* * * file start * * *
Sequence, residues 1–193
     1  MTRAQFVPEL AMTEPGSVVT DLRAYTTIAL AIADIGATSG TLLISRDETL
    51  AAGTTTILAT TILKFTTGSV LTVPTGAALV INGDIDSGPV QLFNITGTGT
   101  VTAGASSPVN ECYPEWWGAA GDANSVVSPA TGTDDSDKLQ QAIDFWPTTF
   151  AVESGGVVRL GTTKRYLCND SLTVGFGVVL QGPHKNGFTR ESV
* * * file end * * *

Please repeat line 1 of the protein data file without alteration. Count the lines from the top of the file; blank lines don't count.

Sequence, residues 1–193